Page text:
Communication in Health

August 11, 2015

General Information
Duration 1 semester (14 teaching weeks)
Level Year 1, Semester 1
Unit Weighting Unit Credit Points: 10 credit points
Total Course Credit Points: 320 credit points
Student Workload Number of timetabled hours per week: 4
Number of personal study hours per week: 6
Total workload hours per week: 10
Prerequisites/ Corequisites None
Academic Details
Description This unit of study introduces students to issues, approaches and techniques relating to communicating with the general public, patients and peers as a health professional and the strengths and limitation of Chinese medicine and the necessity to refer to peers, or other medical and health professionals, when appropriate.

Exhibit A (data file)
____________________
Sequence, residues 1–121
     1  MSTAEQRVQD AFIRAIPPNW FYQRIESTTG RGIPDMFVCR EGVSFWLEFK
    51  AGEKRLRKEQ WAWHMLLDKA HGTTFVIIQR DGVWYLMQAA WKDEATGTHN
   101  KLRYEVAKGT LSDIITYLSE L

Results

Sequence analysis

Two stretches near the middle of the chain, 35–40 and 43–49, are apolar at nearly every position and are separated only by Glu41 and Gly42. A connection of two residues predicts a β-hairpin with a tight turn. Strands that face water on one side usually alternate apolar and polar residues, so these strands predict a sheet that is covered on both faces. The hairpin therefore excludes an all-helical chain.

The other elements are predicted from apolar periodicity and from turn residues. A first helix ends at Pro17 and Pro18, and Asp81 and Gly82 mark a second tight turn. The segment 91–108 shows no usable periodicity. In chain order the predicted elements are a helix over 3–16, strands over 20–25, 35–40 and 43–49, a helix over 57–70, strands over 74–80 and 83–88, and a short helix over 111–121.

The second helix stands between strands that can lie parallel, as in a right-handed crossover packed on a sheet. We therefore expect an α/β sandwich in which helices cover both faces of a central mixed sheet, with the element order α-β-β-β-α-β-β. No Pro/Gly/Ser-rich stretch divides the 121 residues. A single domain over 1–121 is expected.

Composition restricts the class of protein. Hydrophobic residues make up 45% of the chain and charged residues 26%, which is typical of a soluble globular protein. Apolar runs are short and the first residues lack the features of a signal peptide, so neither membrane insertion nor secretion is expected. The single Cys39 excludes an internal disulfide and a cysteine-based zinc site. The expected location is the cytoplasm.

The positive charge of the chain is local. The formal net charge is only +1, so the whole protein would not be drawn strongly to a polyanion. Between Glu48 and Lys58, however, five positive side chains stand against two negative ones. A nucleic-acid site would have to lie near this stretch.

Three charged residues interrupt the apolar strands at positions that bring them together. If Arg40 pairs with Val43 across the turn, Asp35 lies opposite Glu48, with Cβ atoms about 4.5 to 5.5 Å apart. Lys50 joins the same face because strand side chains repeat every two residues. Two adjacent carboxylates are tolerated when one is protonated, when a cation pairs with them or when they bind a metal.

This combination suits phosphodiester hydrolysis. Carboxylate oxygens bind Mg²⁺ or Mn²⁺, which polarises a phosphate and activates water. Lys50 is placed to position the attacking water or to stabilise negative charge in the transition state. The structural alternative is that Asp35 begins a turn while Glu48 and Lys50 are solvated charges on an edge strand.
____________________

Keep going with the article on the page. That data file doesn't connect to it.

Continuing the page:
The unit will examine issues in interpersonal interactions including the client/practitioner relationship, ethical issues, professionalism and confidentiality, and the ability to work in groups and teams with an open-minded sense of inquiry in the pursuit of excellence relating to both professional and personal development. This unit enables students to appreciate the multi-cultural and multi-racial nature of the Australian community and how this may affect the practice of Chinese medicine. Special focus will be placed on Aboriginal and Torres Strait Islander cultures and cultural safety in the practice of Chinese medicine in Australian. This study aims to prepare students to function in their role as TCM practitioners and addresses communication related issues that may be triggered in the course of a CM consultation, and how to adapt health psychology knowledge and method, health counseling techniques to the CM framework of clinical practice. The desire to achieve excellence in the practice of acupuncture and/or Chinese herbal medicine and to contribute to improving both the quality of life of patients and the wellbeing of the community and the environment will be a key feature in the teaching and learning of this unit.